Writing, Ms. Reis explained, is how she communicates best. “For a lot of organizations, that was perceived as something that would be a drawback,” she said in an email, “rather than a way for me to participate more fully.”
Ultranauts does not use work experience to filter job candidates. The company does conduct structured interviews, but hiring is largely based on skills assessments that it has developed to measure traits like the ability to work through new problems and take guidance and apply it. Work simulations are another test.
Tulco, an investment firm in Pittsburgh, hired Ultranauts this year to do data-quality work. Tulco invests in traditional businesses that it thinks can become more efficient and profitable by applying data science and artificial intelligence, but creating those A.I. algorithms requires sifting through troves of messy data.
Ultranauts’ work has impressed Matthew Marolda, executive vice president for data science at Tulco. On one project, its team cleaned up and loaded a vast amount of information into an A.I. model with remarkable speed, days instead of weeks, he said.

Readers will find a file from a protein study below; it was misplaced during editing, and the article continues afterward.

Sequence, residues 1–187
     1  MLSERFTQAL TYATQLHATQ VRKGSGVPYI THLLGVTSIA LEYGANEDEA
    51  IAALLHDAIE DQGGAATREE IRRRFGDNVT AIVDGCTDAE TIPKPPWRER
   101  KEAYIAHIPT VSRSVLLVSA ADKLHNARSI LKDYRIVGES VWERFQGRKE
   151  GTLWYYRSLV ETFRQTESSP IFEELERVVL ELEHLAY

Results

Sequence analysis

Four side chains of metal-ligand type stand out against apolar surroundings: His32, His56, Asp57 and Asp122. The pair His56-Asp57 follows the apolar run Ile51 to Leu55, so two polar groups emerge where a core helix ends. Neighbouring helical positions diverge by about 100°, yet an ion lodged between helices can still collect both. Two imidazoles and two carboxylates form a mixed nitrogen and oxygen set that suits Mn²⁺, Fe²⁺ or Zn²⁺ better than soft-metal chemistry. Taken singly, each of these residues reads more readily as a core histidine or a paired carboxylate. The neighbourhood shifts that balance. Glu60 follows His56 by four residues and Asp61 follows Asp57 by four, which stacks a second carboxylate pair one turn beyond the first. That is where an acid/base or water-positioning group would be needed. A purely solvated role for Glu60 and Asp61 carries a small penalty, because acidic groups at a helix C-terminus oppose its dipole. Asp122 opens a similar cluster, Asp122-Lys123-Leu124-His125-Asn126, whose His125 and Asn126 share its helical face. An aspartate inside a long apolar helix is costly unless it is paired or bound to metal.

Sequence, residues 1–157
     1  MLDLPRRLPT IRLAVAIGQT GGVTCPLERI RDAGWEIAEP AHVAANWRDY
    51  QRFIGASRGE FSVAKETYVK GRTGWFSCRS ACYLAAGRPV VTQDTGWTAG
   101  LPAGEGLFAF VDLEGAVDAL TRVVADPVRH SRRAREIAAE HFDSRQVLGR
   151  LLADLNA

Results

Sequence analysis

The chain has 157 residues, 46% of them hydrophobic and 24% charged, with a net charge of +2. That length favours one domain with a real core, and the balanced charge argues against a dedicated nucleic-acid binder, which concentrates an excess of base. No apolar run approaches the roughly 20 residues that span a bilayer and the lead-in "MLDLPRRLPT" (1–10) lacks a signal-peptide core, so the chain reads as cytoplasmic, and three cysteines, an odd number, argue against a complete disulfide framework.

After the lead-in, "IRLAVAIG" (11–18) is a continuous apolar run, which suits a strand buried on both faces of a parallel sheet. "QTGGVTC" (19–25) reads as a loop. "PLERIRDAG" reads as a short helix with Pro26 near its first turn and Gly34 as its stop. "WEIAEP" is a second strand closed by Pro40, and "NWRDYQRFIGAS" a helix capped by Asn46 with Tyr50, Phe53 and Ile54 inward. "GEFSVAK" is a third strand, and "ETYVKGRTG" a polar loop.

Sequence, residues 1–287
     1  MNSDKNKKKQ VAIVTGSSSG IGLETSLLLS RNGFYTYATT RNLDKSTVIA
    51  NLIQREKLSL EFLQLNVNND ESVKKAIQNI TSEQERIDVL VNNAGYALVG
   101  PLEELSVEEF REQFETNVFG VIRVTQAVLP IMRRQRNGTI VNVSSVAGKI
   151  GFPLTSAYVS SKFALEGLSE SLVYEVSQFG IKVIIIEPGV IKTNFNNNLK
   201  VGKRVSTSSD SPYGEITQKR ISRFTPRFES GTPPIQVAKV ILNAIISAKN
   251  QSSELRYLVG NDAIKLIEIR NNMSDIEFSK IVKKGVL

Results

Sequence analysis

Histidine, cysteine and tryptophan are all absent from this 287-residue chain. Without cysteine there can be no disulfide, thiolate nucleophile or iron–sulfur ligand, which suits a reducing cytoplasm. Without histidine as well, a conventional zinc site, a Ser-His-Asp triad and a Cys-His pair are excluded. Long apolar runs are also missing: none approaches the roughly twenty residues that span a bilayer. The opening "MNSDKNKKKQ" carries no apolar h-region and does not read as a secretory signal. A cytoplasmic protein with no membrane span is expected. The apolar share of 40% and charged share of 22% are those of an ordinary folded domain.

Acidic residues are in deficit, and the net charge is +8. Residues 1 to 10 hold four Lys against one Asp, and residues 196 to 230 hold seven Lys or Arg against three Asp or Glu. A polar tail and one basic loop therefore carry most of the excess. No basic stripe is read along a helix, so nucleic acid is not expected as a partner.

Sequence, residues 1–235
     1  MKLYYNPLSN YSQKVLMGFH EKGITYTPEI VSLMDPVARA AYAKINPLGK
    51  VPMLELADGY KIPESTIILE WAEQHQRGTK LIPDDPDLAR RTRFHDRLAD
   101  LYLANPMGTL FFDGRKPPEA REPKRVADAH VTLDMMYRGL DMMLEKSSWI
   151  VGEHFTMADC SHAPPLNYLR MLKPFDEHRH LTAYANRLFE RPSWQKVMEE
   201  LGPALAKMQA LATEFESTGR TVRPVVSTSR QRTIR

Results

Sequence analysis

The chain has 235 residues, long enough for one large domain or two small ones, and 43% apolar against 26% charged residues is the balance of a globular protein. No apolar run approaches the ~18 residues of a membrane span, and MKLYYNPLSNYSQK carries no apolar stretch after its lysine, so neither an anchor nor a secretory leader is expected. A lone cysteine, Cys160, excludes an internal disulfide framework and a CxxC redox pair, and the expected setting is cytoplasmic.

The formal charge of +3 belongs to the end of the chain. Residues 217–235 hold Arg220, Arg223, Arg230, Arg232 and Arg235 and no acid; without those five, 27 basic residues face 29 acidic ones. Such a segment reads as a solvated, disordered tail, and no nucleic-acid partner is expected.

“This is a work force with inherent strengths,” Mr. Marolda said. “They’re really good at pattern recognition and really good at detail work.”
Seeking new pools of skilled workers, and prodded by advocacy groups, several companies in recent years have begun programs to recruit and employ autistic workers, including SAP, Microsoft, Ernst & Young and JPMorgan Chase.
Ultranauts is one of a handful of small companies and nonprofits in Europe and the United States that employ mainly autistic workers for jobs in technology. Others include Specialisterne, Auticon, Daivergent and Aspiritech. Ultranauts stands out, experts say, for working entirely remotely from the outset and for developing its carefully crafted combination of digital tools and workplace practices.